Trump's trade tariffs, as well as his vocal stance on the situation developing in Syria have put pressure on the US Dollar which has previously been performing well. This report looks at the the factors likely to affect USD in the coming months; and the table below shows the difference in Dollars you could have achieved when buying £200,000.00 during the high and low points of the past month.

Currency Pair% ChangeDifference on £200,000
GBPUSD3%$8,740 USD

US President Donald Trump is very rarely out of the headlines and he always quick to take credit for any positive developments within the US economy

Yesterday was no different when he jumped on America’s tax day to claim that the reforms he put forward had boosted the US economy, claiming “Americans are winning again”.

Whilst his various outlandish tweets are nothing new, there is no arguing that his internalisation and US protectionism has certainly benefitted the US economy, which has been predicted to grow throughout 2018.

This positivity surrounding the economy had certainly helped support the USD against the majority of major currencies, or at least this was the case up until recently.

The USD has seen its value diminish recently, particularly against the Pound, which put pressure on 1.44 during yesterday’s trading.

Although the greenback found support around this level, it seems unlikely to make a move back towards 1.40 over the coming days.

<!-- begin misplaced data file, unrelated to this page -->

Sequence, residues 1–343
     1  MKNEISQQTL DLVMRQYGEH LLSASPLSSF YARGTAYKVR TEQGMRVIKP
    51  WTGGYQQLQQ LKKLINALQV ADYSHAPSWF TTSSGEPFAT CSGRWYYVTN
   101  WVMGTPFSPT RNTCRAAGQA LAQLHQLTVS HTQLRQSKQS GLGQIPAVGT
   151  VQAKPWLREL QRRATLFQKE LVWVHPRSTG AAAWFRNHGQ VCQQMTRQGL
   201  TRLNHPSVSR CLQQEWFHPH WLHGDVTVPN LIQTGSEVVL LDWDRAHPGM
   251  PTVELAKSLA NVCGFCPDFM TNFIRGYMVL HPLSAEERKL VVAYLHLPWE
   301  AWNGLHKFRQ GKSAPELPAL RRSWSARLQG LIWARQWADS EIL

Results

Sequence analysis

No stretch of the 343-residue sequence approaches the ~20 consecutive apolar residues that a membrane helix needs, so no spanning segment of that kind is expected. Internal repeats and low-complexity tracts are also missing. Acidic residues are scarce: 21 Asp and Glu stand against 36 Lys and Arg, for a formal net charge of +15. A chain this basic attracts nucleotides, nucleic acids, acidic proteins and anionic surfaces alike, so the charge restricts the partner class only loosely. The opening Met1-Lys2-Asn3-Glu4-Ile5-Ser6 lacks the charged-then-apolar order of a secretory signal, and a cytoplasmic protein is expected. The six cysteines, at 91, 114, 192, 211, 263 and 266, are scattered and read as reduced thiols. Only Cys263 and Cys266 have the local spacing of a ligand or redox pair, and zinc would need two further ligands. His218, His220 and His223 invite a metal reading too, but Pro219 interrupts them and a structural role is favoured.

US Dollar rises because of uncertainty elsewhere

Sterling spikes against the USD but will this trend continue?

Sterling has been supported, as discussed earlier in this report, by a strong run of UK economic data and progress with Brexit talks. This combined with Trump’s worrying and proactive stance on the Middle East, as depicted by his tweets regarding going to war with Syria, along with his potentially destabilising trade tariffs, could have devastating consequences on the global markets. This seems to have sapped investor confidence to some extent, with investors’ concerns meaning they have pulled funds away from the USD.

 

Even Trump's internalisation of US goods and services has been predicted to have a longer-term negative impact on US sectors such as agriculture, which relies heavily on the export of its soy beans to China as a prime example.

Whilst Trumps business prowess may have helped the US make “a quick buck”, shouldn’t the leader of the free world have a wider, more empathetic stance on global matters?

Either way it seems as though the US economy will continue to post positive numbers but whether the USD is able to strengthen in line with these figures, is debatable based on its recent downturn.

For more information on how future data releases could affect your currency requirement, call our trading floor on 01494 725 353 or email me here.

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Exchange rates on this page are interbank rates and indicate where the market is trading to show the performance of a currency pair. They are not indicative of the rates which we offer. The information on this web site is provided free of charge for information purposes only. It does not constitute advice to any person on any matter. Foreign Currency Direct plc. ("FCD") makes every reasonable effort to ensure that this information is accurate and complete but assumes no responsibility for and gives no warranty with regard to the same.